We have all heard of the saying “it’s in the genes” and with Karen Saynor’s Large Munsterlander “Tulli” that is certainly true. She is the daughter of Karen’s Field Trial Champion “Ekko,” which incidentally was the first-ever FTCH Large Munsterlander. To the uninitiated, this breed may look like a very large spaniel or collie cross. In fact, this is a multi-purpose gundog, ideal for the rough shooter, with an excellent nose, staying power, and the ability to work equally well on land and in water. Like the GLP before it, this bitch covered the ground at a phenomenal rate and had a good point on a hen pheasant that proved quite hard to pin down. Later in the day, “Tulli” proved that not only can HPRs hunt they can also be trained to take hand signals, as Karen handled her out to a difficult blind retrieve some 100 metres across a rape field.
Of all the gundog breeds, the HPRs have not yet fully diversified in to show and working types, and Susan Northwood’s Hungarian Vizsla “Rudi” and Bradley Dymond’s German shorthaired pointer “Marsh” certainly prove the point. “Rudi” has achieved two Challenge Certificates (CC) and one Reserve CC and just needs one more win to become a show champion. However, this dog had a couple of top-drawer points and flushes in some very thick woodland and then made a nice job of retrieving a cock pheasant. He was also graded ‘excellent’ in the HPRGA Spring Pointing Test at Blenheim in April and won the Hungarian Vizsla Club of Great Britian’s Novice Gundog Working Test in September.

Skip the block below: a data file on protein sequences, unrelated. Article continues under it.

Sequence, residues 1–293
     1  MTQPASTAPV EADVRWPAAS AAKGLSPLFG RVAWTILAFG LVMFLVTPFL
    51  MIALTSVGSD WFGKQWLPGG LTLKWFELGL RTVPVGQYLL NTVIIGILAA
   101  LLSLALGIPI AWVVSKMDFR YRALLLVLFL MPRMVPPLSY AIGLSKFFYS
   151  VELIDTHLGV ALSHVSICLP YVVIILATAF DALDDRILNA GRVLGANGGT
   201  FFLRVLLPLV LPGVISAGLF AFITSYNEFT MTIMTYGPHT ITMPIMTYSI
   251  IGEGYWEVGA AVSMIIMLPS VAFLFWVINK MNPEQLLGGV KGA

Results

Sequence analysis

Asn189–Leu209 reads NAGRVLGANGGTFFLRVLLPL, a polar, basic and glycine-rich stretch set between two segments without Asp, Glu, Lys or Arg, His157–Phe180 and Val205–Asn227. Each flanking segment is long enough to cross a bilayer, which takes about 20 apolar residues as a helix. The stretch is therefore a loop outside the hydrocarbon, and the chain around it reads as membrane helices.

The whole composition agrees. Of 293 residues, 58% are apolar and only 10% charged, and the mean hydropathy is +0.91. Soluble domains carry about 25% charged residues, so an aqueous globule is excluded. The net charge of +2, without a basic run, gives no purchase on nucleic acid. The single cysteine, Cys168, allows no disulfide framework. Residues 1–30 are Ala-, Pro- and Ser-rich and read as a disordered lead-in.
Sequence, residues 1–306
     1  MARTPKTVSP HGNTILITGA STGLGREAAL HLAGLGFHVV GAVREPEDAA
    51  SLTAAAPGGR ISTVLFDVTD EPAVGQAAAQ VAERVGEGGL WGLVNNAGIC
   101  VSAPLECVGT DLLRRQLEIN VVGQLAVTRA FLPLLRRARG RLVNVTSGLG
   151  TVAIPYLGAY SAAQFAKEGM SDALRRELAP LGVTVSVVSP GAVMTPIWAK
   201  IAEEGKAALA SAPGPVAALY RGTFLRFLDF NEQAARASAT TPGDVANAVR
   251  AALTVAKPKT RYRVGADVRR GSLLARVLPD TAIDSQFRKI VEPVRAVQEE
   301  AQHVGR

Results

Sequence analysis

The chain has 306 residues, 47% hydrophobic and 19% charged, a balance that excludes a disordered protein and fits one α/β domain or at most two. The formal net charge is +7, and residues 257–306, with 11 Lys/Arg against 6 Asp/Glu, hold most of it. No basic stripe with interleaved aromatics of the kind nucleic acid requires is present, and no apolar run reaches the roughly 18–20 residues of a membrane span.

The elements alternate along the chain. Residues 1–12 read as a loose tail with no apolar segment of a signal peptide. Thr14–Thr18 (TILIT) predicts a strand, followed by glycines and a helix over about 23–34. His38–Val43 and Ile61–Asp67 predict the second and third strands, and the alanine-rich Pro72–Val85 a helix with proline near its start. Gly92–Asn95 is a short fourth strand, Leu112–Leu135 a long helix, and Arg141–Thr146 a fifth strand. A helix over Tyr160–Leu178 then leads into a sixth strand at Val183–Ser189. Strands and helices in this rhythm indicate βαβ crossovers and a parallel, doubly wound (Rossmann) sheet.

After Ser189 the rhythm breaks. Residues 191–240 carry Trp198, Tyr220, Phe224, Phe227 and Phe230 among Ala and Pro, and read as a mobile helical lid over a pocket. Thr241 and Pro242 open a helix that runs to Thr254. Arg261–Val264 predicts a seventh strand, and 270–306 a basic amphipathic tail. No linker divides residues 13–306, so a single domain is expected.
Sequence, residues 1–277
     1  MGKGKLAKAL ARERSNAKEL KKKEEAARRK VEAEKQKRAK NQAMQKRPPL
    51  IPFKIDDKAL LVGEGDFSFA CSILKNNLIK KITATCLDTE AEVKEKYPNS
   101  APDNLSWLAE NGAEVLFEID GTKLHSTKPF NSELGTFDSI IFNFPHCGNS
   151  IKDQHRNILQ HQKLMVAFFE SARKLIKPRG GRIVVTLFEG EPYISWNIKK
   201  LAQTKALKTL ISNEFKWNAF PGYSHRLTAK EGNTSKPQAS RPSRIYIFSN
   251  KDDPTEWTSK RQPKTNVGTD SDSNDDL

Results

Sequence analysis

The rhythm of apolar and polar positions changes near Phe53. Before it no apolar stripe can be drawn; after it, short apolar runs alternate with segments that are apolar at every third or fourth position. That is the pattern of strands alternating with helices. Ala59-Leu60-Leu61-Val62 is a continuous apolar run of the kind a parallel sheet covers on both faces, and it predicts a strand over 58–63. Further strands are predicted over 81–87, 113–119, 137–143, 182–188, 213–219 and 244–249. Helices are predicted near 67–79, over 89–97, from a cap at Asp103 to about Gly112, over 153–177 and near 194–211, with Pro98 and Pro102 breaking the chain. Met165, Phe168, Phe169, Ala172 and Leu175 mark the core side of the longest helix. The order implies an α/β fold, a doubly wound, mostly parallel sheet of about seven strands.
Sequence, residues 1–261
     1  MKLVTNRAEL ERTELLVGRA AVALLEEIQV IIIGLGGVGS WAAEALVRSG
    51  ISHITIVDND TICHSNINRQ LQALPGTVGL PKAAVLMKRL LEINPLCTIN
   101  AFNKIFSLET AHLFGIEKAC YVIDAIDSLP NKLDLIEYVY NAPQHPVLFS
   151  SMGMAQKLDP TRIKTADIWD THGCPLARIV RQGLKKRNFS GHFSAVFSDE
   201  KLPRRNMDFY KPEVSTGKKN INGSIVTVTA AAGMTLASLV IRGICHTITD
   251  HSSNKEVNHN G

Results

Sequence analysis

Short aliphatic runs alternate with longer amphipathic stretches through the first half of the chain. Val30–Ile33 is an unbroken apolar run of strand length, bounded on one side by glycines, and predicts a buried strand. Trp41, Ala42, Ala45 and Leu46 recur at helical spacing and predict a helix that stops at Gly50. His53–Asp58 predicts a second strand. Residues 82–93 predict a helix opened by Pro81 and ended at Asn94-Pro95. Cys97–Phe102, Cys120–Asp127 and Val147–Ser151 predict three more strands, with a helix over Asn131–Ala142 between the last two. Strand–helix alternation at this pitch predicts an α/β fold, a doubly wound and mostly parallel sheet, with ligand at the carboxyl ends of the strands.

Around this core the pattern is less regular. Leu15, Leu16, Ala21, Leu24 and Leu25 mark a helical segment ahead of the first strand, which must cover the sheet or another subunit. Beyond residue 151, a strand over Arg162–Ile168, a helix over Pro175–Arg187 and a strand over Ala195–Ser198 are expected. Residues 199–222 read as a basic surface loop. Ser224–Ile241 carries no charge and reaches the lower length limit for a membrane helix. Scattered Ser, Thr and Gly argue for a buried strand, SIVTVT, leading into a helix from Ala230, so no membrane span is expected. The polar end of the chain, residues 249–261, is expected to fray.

Bradley’s GSP “Marsh” is also a show winner with a number of first places. This dog in particular worked a very good pattern and although he didn’t have a bird shot for him while hunting, he did pick a very lively runner, which was making for the hills across a rape field.
During the day, the dogs had hunted in all types of cover, ranging from mustard and rape to scrubby woodland and overgrown ditches. Then, to test and show the dogs’ versatility, a water test was set up and each dog was given a seen retrieve with a shot. Once again, all dogs achieved this without any problems. Working any gundog can be fraught with ups and downs and David Forsyth had a nightmare with his GLP “Kite” on what should have been a simple and straightforward retrieve. The frustration and disappointment on David’s face was clear to see, yet just an hour later “Kite” pulled off a fantastic retrieve on a long loose bird, shot by Larry and in no time all had been forgiven. As they say, that’s gundog’s for you!